ANITA AND ME: Adapted by Tanika Gupta.
Theatre Royal: Tkts 0115 989 5555 www.royalcentre-nottingham.co.uk.
Runs: 2h 30m: one interval: till 18th March.
Performance times: 7.30pm, matinees 2.00pm Wed and 2.30pm Sat.
Review: Alan Geary: 14th March 2017.
Thought-provoking mix of comedy, crudity, tragedy and tenderness.
Based on the autobiographical novel by Meera Syal, Anita and Me is about British-born daughter of middle-class Indian immigrants, Meena, reaching adolescence in a Black Country ex-mining village.
It’s not a musical, more a play with music. An ensemble number introduces everyone at the start; thereafter, at intervals, there’s a cultural mix of sometimes ragged song and dance – we even get some morris dancing. And since this is the seventies, there are, not over-done, chopper bikes and flares.
This isn’t simply East meets West. There’s neighbourly tolerance juxtaposed with sometimes violent xenophobic bigotry; the Hindu idea of a God with many manifestations versus a comically strident and patronising fundamentalist Christianity; education opposed to ignorance; aspirational middle class versus dysfunctional working class; the death of a community; and more.
One of the best scenes is when kindly Mrs Worrall (Therese Collins) from next door tells Meena about life in the village during the war, before the mining industry had collapsed.
It happens on a super red-brick terraced street set, easily adaptable for other locations, most dramatically for a canal near-drowning scene near the end, actually a melodramatic bolt-on that’s out of kilter with the rest of the play.
Aasiya Shah is excellent as the gawky adolescent protagonist, torn between family and the values of the street. Robert Mountford gives a stand-out performance as Shyam, her wise and cultured father – he reminds one of Atticus Finch. In one scene in particular Mountford moves us with a fine singing voice; and as well as providing some terrific comedy Rina Fatania, the uncouth visiting Grandmother Nanima, has one of the most touching speeches of the evening.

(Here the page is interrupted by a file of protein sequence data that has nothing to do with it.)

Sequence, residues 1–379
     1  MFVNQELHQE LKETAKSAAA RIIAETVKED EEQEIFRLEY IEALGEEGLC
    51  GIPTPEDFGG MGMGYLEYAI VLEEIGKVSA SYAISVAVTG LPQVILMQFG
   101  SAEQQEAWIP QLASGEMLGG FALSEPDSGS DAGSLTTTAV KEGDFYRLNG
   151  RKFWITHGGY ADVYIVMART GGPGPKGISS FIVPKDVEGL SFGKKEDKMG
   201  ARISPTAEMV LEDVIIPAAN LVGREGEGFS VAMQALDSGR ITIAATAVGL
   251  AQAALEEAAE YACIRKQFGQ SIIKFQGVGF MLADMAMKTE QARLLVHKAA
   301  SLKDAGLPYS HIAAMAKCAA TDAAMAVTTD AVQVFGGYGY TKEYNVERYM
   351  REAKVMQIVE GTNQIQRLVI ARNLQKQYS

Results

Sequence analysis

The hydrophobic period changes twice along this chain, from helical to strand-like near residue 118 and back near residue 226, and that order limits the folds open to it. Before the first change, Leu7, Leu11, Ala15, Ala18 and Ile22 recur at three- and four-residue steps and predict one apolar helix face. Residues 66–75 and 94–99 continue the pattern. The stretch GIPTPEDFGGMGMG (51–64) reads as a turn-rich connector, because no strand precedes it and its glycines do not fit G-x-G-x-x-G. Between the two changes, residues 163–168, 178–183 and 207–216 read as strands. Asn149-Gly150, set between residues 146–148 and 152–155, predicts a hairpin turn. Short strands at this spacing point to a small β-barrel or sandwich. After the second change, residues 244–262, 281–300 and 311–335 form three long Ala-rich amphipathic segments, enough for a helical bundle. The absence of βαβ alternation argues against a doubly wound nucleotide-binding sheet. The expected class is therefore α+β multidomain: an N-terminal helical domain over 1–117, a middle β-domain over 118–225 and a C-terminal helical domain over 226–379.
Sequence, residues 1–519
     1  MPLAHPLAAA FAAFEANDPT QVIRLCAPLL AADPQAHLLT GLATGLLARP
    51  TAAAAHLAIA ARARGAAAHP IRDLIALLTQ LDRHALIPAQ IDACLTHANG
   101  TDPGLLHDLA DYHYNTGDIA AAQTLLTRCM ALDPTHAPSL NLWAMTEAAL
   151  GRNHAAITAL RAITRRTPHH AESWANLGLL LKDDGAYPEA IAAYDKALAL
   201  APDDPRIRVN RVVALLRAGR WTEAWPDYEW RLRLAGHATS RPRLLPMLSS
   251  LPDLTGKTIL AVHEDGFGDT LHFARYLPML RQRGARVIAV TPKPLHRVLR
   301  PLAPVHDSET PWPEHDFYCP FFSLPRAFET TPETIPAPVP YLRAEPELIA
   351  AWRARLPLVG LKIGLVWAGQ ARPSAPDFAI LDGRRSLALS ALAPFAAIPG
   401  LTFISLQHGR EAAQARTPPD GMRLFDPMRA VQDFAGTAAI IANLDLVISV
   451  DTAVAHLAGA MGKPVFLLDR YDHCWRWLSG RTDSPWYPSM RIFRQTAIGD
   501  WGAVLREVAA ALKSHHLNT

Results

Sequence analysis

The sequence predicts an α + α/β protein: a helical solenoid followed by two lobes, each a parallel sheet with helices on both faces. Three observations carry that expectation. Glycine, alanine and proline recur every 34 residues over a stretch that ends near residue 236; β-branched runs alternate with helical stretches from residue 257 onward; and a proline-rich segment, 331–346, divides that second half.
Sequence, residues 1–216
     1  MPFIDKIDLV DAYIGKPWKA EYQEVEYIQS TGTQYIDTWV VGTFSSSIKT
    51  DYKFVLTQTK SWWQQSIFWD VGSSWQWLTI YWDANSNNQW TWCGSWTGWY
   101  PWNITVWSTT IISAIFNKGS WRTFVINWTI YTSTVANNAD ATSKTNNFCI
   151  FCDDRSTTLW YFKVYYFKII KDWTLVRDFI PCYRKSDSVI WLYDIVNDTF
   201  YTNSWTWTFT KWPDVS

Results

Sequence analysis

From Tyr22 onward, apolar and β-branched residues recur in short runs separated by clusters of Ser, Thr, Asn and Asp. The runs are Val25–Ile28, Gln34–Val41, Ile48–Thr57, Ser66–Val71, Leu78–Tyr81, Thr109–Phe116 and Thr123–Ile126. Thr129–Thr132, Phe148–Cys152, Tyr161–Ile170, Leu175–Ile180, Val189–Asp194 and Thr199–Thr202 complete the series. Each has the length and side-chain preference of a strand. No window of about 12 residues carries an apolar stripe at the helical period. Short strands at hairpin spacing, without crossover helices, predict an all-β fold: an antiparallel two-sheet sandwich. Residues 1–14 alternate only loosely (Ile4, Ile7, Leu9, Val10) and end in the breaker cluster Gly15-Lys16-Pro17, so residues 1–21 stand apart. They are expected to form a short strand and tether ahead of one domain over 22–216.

Some acting, especially in the yoof parts, is a trifle over-emphatic, but Laura Aramayo is good as Meena’s dragged-up friend Anita, who’s taking after her abused mother, the tarty Mrs Ormerod (Rebekah Hinds).
This is a thoughtful, and thought-provoking, mix of comedy, crudity (at one point surely borderline gratuitous), tragedy and tenderness. A lot’s changed since the seventies but it still speaks to us. And it’s thoroughly entertaining.
Anita: Laura Aramayo.
Sam Cole: Sam Lowbridge.
Mrs Worrall: Therese Collins.
Nanima: Rina Fatania.
Daljit: Shobna Gulati.
Mrs Ormerod/Deirdre: Rebekah Hinds.
Aunty Shaila/Fortune Teller: Sejal Keshwala.
Tracey/Sandy: Megan McCormick.
Shyam: Robert Mountford.
Ned/Bazzer: Tom Oakley.
Pinky: Humera Syed.
Meena: Aasiya Shah.
Uncle Amman/Mr Bhatra: Aaron Virdee.
Claire Worboys: Mrs Lowbridge.
Director: Roxana Silbert.
Associate Director: Daniel Bailey.
Set and Costume Designer: Bob Bailey.
Lighting Designer: Chahine Yavroyan.
Composers and Sound Designers: Ben and Max Ringham.